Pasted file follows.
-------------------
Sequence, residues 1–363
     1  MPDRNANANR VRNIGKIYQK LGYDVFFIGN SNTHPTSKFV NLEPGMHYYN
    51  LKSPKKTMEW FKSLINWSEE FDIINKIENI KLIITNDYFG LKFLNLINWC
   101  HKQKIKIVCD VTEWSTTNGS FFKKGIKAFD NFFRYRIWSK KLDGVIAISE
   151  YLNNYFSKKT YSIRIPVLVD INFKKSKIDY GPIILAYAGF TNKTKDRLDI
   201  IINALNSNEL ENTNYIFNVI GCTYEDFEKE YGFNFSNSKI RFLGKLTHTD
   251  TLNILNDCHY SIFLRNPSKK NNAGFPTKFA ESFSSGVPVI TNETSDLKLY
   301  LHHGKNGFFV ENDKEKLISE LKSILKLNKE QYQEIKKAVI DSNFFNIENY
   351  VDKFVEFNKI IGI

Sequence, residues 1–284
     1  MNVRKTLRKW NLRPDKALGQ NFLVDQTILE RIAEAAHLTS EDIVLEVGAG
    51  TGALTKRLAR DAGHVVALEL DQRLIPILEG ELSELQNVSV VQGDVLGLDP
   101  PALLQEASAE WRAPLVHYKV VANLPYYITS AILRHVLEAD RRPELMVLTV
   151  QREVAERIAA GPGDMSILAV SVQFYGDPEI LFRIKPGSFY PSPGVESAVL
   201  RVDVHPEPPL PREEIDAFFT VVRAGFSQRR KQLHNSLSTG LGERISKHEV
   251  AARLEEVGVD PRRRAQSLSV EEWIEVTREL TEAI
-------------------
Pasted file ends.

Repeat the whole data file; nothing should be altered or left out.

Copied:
Sequence, residues 1–363
     1  MPDRNANANR VRNIGKIYQK LGYDVFFIGN SNTHPTSKFV NLEPGMHYYN
    51  LKSPKKTMEW FKSLINWSEE FDIINKIENI KLIITNDYFG LKFLNLINWC
   101  HKQKIKIVCD VTEWSTTNGS FFKKGIKAFD NFFRYRIWSK KLDGVIAISE
   151  YLNNYFSKKT YSIRIPVLVD INFKKSKIDY GPIILAYAGF TNKTKDRLDI
   201  IINALNSNEL ENTNYIFNVI GCTYEDFEKE YGFNFSNSKI RFLGKLTHTD
   251  TLNILNDCHY SIFLRNPSKK NNAGFPTKFA ESFSSGVPVI TNETSDLKLY
   301  LHHGKNGFFV ENDKEKLISE LKSILKLNKE QYQEIKKAVI DSNFFNIENY
   351  VDKFVEFNKI IGI

Sequence, residues 1–284
     1  MNVRKTLRKW NLRPDKALGQ NFLVDQTILE RIAEAAHLTS EDIVLEVGAG
    51  TGALTKRLAR DAGHVVALEL DQRLIPILEG ELSELQNVSV VQGDVLGLDP
   101  PALLQEASAE WRAPLVHYKV VANLPYYITS AILRHVLEAD RRPELMVLTV
   151  QREVAERIAA GPGDMSILAV SVQFYGDPEI LFRIKPGSFY PSPGVESAVL
   201  RVDVHPEPPL PREEIDAFFT VVRAGFSQRR KQLHNSLSTG LGERISKHEV
   251  AARLEEVGVD PRRRAQSLSV EEWIEVTREL TEAI